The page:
4: “Kickstart My Heart” - ‘Dr. Feelgood’
By the time ‘Dr. Feelgood’ was released in 1989, Motley Crue was an established juggernaut in the music industry. Bob Rock produced the ‘Feelgood’ album and had each band member record their parts separately because he said they were: “..four L.A. badasses who used to drink a bottle of wine and want to kill each other.” Nikki Sixx claims “Kickstart My Heart” was written in response to the paramedics having to shoot adrenaline into his chest to revive him after he overdosed. However, former Guns N Roses drummer Steven Adler has publically claimed the story isn’t true. During an interview with a radio station in 2018, he said:
“He wrote it about the paramedics took that syringe and did that 'Pulp Fiction' thing to him. But they didn't do that; they didn't do that. I dragged him into the shower with a broken hand and a cast on my hand, I rolled him in, I put the cold water on him in the shower, and I started slapping him in the face with my cast. And next thing you know, the purple in his face just disappeared…and then right then, the paramedics came in, and they grabbed him out of the shower like a rag doll, dropped him in the living room, and they just pumped his chest with their hands. And that was it. But he got a hell of a good song out of it. It is entertainment, after all.”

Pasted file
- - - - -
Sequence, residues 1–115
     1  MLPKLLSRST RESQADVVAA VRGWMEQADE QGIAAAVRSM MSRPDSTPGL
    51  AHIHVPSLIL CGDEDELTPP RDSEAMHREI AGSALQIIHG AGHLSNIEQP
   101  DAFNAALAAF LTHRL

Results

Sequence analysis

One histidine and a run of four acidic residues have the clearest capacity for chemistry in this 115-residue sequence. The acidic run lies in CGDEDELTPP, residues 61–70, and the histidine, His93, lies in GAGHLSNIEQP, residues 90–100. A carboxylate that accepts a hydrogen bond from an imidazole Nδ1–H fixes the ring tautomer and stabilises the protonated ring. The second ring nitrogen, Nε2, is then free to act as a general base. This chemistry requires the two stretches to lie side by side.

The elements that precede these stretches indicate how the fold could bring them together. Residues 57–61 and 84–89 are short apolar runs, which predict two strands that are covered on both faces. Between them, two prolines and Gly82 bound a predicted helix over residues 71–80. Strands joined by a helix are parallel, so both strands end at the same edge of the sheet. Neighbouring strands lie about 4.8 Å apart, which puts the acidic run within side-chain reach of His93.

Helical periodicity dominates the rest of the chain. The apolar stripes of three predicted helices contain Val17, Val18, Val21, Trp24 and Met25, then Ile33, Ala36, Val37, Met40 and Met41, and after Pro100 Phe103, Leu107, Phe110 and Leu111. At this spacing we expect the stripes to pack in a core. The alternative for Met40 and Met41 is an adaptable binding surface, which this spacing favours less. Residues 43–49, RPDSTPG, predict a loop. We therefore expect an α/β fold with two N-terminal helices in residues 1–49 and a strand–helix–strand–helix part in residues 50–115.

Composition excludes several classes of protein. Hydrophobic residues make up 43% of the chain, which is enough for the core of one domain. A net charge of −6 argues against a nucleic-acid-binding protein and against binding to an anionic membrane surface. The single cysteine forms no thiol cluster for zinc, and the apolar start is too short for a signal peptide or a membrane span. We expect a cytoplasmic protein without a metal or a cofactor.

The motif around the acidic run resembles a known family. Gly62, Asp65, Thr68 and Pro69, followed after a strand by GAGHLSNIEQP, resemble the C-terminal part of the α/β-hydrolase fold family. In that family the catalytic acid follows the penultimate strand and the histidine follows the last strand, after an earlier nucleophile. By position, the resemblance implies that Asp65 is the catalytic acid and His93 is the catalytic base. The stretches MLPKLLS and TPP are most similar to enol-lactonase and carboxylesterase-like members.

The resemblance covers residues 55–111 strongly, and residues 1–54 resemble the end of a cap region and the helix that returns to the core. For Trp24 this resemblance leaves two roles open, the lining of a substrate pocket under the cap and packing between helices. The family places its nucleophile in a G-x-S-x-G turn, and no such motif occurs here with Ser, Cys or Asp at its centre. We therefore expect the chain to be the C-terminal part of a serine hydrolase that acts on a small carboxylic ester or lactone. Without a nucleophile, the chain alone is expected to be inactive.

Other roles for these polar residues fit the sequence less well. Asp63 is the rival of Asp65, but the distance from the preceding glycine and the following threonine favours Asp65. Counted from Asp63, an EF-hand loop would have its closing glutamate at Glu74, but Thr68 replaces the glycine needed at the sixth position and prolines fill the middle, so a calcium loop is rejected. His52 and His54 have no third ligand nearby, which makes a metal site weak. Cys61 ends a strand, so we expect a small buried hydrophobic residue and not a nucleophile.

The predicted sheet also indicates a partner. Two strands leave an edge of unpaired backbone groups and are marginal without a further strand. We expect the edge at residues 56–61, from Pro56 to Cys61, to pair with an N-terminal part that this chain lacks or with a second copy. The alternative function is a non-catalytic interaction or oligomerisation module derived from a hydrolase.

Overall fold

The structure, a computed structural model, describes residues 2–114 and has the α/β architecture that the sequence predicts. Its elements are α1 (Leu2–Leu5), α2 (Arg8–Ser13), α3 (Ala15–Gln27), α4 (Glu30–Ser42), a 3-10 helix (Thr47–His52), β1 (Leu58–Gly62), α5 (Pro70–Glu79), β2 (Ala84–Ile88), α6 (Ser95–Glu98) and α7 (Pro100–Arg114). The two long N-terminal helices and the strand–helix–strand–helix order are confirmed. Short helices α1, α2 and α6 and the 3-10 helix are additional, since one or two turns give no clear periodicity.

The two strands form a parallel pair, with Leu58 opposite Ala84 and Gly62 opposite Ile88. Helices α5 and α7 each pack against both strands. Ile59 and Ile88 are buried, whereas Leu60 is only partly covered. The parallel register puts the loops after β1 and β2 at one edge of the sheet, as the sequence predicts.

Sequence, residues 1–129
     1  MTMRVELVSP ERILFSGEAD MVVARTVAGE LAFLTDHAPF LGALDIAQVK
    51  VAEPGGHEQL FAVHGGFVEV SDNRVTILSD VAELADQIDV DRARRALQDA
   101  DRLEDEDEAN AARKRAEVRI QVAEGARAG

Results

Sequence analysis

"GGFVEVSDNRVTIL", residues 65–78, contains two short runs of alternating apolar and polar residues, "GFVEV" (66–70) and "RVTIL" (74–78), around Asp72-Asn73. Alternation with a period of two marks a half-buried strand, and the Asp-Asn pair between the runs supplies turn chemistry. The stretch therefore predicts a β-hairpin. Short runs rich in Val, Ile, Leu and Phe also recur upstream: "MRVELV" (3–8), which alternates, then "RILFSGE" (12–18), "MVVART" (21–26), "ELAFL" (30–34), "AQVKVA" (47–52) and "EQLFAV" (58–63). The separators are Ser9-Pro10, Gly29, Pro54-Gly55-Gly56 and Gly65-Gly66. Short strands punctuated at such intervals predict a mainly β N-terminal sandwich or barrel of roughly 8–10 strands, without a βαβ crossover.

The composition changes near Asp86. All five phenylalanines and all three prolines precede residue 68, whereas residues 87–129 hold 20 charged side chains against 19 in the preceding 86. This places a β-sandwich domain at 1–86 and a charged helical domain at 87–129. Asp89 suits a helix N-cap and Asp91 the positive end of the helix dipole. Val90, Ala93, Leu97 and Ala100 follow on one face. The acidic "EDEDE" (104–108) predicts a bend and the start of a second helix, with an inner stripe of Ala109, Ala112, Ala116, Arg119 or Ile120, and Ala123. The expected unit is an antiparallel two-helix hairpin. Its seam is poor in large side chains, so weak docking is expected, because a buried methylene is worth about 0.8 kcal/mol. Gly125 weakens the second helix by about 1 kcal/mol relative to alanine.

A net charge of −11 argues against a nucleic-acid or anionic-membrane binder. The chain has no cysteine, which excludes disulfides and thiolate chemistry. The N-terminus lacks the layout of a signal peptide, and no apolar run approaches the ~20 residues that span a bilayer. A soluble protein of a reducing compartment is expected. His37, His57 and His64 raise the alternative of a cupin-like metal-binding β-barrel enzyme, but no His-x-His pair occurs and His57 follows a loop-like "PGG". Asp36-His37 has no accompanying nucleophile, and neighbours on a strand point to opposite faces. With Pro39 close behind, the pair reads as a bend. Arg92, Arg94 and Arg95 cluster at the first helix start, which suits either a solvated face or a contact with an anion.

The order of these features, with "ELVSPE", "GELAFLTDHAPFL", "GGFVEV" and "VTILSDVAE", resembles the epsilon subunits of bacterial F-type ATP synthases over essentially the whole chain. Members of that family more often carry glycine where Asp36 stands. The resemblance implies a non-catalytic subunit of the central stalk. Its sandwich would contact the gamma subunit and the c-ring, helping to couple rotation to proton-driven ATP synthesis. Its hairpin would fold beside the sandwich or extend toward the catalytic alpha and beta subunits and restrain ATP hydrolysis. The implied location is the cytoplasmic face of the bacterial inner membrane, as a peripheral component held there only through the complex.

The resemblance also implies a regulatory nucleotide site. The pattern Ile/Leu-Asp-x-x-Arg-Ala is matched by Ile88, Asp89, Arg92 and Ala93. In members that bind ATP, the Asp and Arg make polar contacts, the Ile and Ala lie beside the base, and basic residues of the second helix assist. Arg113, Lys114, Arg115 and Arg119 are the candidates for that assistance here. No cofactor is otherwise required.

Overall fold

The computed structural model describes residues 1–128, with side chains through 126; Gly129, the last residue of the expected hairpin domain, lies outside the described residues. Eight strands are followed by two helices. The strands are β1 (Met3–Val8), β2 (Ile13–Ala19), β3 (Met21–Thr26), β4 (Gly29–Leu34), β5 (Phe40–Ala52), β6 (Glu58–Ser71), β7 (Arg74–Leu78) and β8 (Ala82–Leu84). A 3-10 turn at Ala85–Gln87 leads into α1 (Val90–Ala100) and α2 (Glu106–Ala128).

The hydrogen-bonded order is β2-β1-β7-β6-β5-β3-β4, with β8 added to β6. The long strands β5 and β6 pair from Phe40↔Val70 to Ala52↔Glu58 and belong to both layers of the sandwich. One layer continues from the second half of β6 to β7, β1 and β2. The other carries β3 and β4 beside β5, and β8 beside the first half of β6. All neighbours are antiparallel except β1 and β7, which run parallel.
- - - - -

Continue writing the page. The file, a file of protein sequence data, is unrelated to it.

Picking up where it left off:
“Kickstart My Heart” was the second single released from the album and reached number twenty-seven on the Billboard Hot 100.
3: “Dr. Feelgood” - ‘Dr. Feelgood’